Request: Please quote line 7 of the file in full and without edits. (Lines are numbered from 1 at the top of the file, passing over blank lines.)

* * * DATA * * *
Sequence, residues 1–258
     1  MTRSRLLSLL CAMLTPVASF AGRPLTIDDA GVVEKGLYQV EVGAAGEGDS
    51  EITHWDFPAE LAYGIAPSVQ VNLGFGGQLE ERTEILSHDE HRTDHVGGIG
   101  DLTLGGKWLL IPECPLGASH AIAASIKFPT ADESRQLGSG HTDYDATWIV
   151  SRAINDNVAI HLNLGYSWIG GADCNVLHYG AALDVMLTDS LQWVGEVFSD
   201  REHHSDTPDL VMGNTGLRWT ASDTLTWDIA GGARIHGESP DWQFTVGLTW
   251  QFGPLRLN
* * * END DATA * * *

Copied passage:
   251  QFGPLRLN